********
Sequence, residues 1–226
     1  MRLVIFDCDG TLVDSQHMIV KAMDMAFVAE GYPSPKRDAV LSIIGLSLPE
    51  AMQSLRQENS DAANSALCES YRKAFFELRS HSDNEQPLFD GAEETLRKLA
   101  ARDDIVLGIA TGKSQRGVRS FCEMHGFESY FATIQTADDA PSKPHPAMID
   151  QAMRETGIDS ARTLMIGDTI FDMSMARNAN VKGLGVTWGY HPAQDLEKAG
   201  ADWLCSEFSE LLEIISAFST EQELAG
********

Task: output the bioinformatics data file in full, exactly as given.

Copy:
Sequence, residues 1–226
     1  MRLVIFDCDG TLVDSQHMIV KAMDMAFVAE GYPSPKRDAV LSIIGLSLPE
    51  AMQSLRQENS DAANSALCES YRKAFFELRS HSDNEQPLFD GAEETLRKLA
   101  ARDDIVLGIA TGKSQRGVRS FCEMHGFESY FATIQTADDA PSKPHPAMID
   151  QAMRETGIDS ARTLMIGDTI FDMSMARNAN VKGLGVTWGY HPAQDLEKAG
   201  ADWLCSEFSE LLEIISAFST EQELAG